A series of labor lawsuits against Fox Entertainment and Gawker Media has sparked new concern regarding unpaid internships, which are a common way for college students in Michigan and elsewhere to gain industry experience. The companies were sued by former interns who alleged that they were owed back pay for their service. Many have responded in support, agreeing that unpaid internships are exploitation and abuse at best. Others add that unpaid internships create a division between those who can afford to work for free and those who cannot.
Guidelines established by the Department of Labor require that interns may only work without pay if the work would not be otherwise done by paid employees and if the training received is similar to that offered by an academic institution. The rules further state that employers may not get “immediate advantage from the activities of the intern” and that sometimes, “its operations may actually be impeded.” Critics argue that even the lowest of jobs are valuable to employers and employee rights should extend to students as well.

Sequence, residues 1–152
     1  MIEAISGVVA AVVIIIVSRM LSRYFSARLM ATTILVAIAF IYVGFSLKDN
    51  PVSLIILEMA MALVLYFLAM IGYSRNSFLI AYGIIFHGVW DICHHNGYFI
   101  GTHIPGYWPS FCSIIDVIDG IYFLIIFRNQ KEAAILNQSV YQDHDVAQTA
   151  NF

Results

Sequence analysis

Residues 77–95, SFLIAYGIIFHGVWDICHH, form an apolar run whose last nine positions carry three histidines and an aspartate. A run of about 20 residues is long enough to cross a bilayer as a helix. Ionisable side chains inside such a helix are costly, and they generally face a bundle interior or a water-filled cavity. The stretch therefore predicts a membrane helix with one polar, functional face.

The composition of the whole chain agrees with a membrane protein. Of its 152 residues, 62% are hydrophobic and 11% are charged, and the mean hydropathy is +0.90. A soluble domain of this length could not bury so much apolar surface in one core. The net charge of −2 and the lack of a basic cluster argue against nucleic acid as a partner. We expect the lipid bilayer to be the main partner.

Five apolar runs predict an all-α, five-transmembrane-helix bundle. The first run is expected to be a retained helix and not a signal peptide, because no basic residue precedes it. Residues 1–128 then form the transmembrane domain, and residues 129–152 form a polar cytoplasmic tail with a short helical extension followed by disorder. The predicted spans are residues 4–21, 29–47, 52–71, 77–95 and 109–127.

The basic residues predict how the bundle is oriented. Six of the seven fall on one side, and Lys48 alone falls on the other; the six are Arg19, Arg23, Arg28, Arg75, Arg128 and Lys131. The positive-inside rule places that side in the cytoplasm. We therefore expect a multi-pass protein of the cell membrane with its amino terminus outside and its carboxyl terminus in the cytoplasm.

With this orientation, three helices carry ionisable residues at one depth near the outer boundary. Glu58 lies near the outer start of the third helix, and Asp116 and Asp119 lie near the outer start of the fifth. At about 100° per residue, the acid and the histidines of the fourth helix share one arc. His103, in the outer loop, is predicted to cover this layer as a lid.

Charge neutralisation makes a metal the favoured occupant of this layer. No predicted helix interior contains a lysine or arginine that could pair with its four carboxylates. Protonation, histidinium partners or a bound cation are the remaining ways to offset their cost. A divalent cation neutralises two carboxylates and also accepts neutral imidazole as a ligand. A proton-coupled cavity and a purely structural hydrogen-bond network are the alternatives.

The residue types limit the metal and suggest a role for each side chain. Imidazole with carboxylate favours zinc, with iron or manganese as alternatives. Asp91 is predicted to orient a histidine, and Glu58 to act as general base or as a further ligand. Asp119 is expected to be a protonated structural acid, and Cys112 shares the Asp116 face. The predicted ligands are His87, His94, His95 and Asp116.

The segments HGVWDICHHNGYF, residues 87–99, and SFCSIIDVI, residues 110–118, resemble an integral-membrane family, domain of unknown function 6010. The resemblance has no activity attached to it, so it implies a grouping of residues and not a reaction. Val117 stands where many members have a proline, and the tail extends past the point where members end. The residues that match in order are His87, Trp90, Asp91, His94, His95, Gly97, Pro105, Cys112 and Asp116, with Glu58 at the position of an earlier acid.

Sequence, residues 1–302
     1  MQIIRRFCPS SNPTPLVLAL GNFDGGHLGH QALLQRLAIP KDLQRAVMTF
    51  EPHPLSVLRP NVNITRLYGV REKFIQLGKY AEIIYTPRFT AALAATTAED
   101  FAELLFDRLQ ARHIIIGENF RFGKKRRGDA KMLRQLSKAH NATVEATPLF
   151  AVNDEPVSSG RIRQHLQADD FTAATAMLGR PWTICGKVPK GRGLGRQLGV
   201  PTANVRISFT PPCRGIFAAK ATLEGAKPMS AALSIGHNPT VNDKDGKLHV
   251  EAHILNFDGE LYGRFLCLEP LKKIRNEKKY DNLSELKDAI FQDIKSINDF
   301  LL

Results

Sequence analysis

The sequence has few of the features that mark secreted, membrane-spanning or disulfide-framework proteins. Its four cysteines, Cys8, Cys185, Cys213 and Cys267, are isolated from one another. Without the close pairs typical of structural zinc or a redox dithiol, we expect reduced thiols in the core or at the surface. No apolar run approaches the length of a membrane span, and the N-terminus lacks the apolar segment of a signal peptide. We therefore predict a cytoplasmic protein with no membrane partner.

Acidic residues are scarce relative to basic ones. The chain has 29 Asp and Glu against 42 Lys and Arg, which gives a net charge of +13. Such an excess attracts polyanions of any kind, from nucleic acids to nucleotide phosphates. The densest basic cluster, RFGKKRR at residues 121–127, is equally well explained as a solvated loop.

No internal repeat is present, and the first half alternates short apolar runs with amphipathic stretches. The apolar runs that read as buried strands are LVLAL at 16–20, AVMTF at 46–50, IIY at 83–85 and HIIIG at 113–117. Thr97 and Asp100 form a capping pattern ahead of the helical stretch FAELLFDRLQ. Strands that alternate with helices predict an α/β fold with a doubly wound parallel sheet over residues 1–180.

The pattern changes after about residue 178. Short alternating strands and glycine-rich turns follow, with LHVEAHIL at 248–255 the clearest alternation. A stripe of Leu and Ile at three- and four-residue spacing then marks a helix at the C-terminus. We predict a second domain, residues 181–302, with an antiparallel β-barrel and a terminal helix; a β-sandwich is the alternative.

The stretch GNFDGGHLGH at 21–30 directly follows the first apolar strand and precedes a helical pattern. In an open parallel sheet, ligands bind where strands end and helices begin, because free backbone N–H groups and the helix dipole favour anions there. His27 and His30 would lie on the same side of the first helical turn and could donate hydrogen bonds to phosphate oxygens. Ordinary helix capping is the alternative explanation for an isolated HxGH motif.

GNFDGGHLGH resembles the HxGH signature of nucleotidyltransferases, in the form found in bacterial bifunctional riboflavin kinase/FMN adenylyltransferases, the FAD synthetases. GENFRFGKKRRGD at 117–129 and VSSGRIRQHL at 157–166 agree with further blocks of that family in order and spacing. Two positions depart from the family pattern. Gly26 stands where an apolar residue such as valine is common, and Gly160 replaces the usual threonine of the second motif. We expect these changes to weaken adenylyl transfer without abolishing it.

According to a study by the National Association of Colleges and Employers, internships are not even worth the time. Their data suggests that students who complete unpaid internships have no better job prospects than those who do not complete them. Some educators argue that not all unpaid internships are bad and that students should consider factors including potential employment connections, specialized work experience and whether the company can actually afford to pay for the work.
While all unpaid internships aren’t bad, some companies may be looking for free labor. An employment law attorney may be able to represent interns who have been taken advantage of in this way. The lawyer may be able to determine whether Michigan law allows for a lawsuit to be filed and determine an amount of compensation to be pursued.
Source: Mainstreet.com, “Are Unpaid Internships Mere Exploitation?”, Eric Reed, July 03, 2013